Dean Beeby, Canadian Press, Jan. 12, 2006
Ottawa — A new study for the federal Justice Department says Canada should get rid of its law banning polygamy, and change other legislation to help women and children living in such multiple-spouse relationships.
“Criminalization does not address the harms associated with valid foreign polygamous marriages and plural unions, in particular the harms to women,” says the report, obtained by The Canadian Press under the Access to Information Act.
“The report therefore recommends that this provision be repealed.”
The research paper is part of a controversial $150,000 polygamy project, launched a year ago and paid for by the Justice Department and Status of Women Canada.
The paper by three law professors at Queen’s University in Kingston, Ont., argues that Sec. 293 of the Criminal Code banning polygamy serves no useful purpose and in any case is rarely prosecuted.
Instead, Canadian laws should be changed to better accommodate the problems of women in polygamous marriages, providing them clearer spousal support and inheritance rights.
Currently, there’s a hodgepodge of legislation across the provinces, some of which — Ontario, for example — give limited recognition to foreign polygamous marriages for the purposes of spousal support. Some jurisdictions provide no relief at all.
Chief author Martha Bailey says criminalizing polygamy, typically a marriage involving one man and several wives, serves no good purpose and prosecutions could do damage to the women and children in such relationships.
“Why criminalize the behaviour?” she said in an interview. “We don’t criminalize adultery.
“In light of the fact that we have a fairly permissive society . . . why are we singling out that particular form of behaviour for criminalization?”
Instead, there are other laws available to deal with problems often associated with polygamous unions, which are not legally recognized as marriages in Canada.
“If there are problems such as child abuse, or spousal abuse, there are other criminal provisions or other laws dealing with those problems that certainly should be enforced,” Ms. Bailey said.
The Justice Department project was prompted in part by an RCMP investigation into the religious community of Bountiful in Creston, B.C., where polygamy is practised openly.
The British Columbia government has long been considering whether to lay charges under Section 293.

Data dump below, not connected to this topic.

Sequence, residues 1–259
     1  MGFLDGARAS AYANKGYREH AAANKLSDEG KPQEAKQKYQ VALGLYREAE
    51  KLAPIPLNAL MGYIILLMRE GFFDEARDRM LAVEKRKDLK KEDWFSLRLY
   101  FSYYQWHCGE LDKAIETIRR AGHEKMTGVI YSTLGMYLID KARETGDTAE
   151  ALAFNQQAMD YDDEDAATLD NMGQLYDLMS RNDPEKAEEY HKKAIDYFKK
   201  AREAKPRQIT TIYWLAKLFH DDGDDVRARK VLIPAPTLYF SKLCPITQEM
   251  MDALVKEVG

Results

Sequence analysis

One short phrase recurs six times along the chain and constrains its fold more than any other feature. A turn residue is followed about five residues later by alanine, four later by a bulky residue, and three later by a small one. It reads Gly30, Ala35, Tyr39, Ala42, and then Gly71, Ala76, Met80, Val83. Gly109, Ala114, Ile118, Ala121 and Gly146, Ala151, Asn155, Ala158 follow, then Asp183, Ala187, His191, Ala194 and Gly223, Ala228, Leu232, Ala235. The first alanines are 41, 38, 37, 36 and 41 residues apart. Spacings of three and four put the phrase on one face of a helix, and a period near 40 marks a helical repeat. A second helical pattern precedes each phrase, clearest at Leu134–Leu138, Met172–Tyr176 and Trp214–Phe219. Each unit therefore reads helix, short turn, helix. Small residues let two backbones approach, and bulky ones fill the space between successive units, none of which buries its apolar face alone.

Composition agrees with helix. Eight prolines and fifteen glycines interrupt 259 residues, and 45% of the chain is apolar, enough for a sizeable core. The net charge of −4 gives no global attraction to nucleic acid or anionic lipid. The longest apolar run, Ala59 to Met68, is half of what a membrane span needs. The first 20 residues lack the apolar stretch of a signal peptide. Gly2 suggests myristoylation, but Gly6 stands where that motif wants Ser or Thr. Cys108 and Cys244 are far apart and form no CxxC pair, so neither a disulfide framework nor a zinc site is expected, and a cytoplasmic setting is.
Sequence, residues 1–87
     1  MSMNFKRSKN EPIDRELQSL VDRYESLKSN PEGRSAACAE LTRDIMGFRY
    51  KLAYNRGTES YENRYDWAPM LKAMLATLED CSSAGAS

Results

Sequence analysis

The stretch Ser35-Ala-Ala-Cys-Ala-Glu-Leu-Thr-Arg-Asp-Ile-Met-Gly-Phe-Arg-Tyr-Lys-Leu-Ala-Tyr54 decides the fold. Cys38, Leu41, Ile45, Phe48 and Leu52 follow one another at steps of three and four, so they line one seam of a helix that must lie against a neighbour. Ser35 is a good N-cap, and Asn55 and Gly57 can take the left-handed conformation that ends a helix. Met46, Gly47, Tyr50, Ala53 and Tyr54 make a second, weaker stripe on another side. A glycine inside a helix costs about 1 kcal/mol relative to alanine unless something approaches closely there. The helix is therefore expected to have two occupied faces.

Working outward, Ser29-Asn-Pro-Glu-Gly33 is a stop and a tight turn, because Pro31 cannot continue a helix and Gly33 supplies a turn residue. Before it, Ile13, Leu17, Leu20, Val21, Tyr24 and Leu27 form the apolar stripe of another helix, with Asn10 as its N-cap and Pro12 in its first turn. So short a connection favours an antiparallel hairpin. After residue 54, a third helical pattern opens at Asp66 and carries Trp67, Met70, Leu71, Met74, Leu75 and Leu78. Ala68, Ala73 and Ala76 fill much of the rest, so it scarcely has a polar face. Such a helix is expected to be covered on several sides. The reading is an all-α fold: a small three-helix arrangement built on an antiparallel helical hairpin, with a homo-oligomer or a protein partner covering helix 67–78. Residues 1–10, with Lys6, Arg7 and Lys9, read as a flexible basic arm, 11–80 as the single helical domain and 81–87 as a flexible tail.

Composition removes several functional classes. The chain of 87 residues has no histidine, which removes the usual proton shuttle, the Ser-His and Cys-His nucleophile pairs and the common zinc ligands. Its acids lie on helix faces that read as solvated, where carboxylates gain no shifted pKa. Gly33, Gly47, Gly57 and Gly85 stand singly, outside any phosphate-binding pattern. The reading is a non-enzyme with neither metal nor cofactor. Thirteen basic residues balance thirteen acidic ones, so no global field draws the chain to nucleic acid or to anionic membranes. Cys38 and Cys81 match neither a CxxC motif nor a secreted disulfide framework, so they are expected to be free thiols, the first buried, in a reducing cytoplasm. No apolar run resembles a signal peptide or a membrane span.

But the project was also intended to provide the Liberal government with ammunition to help defend its same-sex marriage bill last spring.
Opponents claimed the bill, now law, was a slippery slope that would open the door to polygamy and even bestiality.
Another report for the project, also led by two Queen’s University professors, dismisses the slippery-slope argument, saying that allowing same-sex marriages promotes equality while polygamous marriages are generally harmful to women’s interests and would therefore promote inequality.
Liberal Justice Minister Irwin Cotler said he has seen only a summary of the research reports, but already rejects lifting the criminal ban on polygamy.
“At this point, the practice of polygamy, bigamy and incest are criminal offences in Canada and will continue to be,” he said from Montreal.
“These reports will become part of the knowledge base on this issue and will be taken into account.”
The Bailey report, consistent with other research for the project, also concludes the courts might well rule that Canada’s law banning polygamy is a violation of Canada’s constitutional guarantee of freedom of religion.
Although the Bountiful case raises immediate issues, Canada is also faced with a rising tide of immigration from Africa and the Middle East, where polygamy is legally and religiously sanctioned. Immigration officers can refuse entry to individuals practising polygamy.
Ms. Bailey said Canada should nevertheless offer some recognition to polygamous marriages that are legally valid in foreign countries to help protect women’s rights here.
Another paper for the project, by the Alberta Civil Liberties Research Centre, urges British Columbia to proceed immediately with a prosecution in Bountiful.
“Based on the harms associated with polygamy as it is practised in Bountiful, there do not appear to be any alternatives to prosecution, however difficult it may be.”